3 MIN READ
Beth Daddono /
Tips to Reduce Kitchen Waste
At Kroger, we’ve committed to eliminating food waste across our company by 2025 as part of our Zero Hunger | Zero Waste social impact plan. With this goal in mind, we’re constantly working to extend the life of the food we carry – so it’s fresher on our shelves and stays fresh longer for customers at home.
Lisa Zwack, Kroger’s head of sustainability, has lots of ideas about how we can all reduce food waste at home too. Here are 10 easy tips:
- Plan ahead. Make a meal plan for the week and use it to create your shopping list. “That way, you’ll buy what you need and help head off waste before it happens,” Lisa says.
- Take stock. Shop in your refrigerator and pantry first. Know what you already have before purchasing more – a strategy that will save you money AND reduce waste.
- Be realistic. For staples like condiments, juices and snacks, include realistic quantities on your list, so you don’t overstock and run the risk of them going bad before being eaten.
- Mind the dates. Be sure to eat foods with the earliest expiration date first.
- Get creative. “Vegetables and fruits that are beginning to wilt may still work perfectly for soups, stocks, smoothies and casserole dishes,” Lisa says.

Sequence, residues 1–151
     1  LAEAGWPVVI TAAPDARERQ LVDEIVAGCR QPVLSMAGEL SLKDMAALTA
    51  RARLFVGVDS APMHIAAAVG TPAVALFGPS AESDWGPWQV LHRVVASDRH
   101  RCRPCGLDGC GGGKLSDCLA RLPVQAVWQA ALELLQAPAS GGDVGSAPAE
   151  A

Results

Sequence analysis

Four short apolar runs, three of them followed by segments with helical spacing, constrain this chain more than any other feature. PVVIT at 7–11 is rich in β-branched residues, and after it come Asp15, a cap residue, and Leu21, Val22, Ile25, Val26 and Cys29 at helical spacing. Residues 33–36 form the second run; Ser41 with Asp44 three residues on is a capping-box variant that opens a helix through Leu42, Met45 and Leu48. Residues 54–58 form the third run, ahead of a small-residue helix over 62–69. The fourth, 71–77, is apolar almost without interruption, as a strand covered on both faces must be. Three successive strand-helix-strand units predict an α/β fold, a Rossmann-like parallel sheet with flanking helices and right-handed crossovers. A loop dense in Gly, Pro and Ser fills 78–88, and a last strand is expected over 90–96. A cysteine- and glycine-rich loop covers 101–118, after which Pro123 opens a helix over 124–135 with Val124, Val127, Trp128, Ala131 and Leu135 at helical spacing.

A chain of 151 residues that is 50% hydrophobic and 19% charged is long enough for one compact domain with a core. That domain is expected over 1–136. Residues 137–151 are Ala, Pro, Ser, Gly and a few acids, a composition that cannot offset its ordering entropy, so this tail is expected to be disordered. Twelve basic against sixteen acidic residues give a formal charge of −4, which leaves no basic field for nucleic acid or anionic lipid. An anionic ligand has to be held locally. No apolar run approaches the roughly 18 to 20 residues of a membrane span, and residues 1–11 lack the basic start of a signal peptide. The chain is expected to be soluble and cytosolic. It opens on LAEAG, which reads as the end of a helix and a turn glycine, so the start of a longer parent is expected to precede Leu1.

Cut up fruit and vegetables into individual portions to make them more convenient to eat and less likely to go to waste.
- Store properly. This means keeping bananas, apples and tomatoes separate, washing berries and grapes just before you eat them to prevent mold, and keeping fruit and vegetables in different refrigerator drawers.
- Freeze freely. Make your freezer your ally. Consider bagging and freezing extra fruits and veggies, especially during their peak seasons. Bread and baked goods freeze well and can be portioned directly out of the freezer to minimize waste. (Preserving and canning is another way to stretch your food dollars and reduce waste.)
- Cook, then freeze. Prepare and cook your fresh items before freezing, then thaw them as needed for quick meal prep throughout the month.
- Think serving-sized. Cut up fruit and vegetables into individual portions to make them more convenient to eat and less likely to go to waste.
- Compost! You can compost everything from uncooked vegetable scraps to fruit peelings, teabags, coffee grounds, eggshells and even small amounts of paper and soft cardboard, and use it to feed your garden. Learn more about how to start composting: https://www.epa.gov/recycle/composting-home
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